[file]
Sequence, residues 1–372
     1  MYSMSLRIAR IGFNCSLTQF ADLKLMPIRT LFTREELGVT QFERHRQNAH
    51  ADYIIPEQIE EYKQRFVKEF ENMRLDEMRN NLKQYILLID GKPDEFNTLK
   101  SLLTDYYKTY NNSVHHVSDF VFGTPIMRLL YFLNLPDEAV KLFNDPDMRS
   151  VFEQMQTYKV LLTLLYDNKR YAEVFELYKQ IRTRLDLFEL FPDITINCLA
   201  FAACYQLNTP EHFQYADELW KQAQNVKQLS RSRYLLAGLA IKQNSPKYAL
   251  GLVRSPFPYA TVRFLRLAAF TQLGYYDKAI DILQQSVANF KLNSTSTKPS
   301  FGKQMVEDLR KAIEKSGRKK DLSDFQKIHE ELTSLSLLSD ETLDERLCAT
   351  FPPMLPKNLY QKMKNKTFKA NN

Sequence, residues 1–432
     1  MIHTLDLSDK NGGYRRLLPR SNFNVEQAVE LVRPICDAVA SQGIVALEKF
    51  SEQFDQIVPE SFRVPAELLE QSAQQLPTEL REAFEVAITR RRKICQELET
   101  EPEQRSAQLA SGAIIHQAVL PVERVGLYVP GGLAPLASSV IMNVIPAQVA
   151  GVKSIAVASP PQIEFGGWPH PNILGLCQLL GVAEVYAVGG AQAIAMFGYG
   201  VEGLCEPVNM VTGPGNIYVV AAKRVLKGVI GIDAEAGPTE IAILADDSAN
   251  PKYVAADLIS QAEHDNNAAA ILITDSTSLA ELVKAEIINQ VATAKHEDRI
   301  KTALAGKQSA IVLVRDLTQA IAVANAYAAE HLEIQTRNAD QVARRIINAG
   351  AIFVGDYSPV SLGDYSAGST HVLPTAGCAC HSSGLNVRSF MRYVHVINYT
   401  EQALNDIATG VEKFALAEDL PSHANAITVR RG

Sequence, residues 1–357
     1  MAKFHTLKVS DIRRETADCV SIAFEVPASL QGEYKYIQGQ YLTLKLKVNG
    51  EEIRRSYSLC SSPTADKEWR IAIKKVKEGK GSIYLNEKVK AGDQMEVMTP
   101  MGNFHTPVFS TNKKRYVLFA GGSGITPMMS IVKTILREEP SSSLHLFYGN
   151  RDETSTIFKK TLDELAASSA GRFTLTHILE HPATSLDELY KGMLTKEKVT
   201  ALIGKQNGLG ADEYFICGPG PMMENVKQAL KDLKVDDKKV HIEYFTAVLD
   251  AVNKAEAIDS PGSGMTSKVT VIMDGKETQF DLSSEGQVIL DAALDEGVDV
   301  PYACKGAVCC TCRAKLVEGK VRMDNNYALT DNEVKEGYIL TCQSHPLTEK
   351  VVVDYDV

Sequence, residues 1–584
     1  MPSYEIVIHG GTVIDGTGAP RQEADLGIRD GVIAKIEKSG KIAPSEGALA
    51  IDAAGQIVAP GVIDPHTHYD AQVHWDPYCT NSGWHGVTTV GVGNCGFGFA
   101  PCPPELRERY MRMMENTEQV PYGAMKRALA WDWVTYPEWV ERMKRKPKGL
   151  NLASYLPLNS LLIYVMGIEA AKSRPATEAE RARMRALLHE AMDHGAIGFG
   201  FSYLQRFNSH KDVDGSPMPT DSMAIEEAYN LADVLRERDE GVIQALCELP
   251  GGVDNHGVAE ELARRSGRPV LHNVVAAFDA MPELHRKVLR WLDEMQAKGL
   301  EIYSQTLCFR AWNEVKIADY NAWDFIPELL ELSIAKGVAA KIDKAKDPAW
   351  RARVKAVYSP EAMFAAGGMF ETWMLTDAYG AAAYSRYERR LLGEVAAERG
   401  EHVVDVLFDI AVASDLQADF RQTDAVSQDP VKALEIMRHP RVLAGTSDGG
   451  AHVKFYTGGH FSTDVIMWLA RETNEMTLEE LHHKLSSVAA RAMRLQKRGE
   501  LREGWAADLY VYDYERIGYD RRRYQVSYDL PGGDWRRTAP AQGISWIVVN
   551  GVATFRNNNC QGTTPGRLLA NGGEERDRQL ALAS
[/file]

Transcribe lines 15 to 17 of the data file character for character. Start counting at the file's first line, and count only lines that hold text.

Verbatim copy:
   201  VEGLCEPVNM VTGPGNIYVV AAKRVLKGVI GIDAEAGPTE IAILADDSAN
   251  PKYVAADLIS QAEHDNNAAA ILITDSTSLA ELVKAEIINQ VATAKHEDRI
   301  KTALAGKQSA IVLVRDLTQA IAVANAYAAE HLEIQTRNAD QVARRIINAG